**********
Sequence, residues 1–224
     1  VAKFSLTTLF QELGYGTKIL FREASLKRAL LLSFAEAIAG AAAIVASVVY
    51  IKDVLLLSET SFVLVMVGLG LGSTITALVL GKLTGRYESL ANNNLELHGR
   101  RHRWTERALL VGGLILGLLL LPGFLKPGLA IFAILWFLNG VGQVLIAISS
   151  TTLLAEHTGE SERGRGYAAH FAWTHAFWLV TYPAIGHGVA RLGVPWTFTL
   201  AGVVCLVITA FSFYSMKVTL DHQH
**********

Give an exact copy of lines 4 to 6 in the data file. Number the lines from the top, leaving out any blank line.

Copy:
   101  RHRWTERALL VGGLILGLLL LPGFLKPGLA IFAILWFLNG VGQVLIAISS
   151  TTLLAEHTGE SERGRGYAAH FAWTHAFWLV TYPAIGHGVA RLGVPWTFTL
   201  AGVVCLVITA FSFYSMKVTL DHQH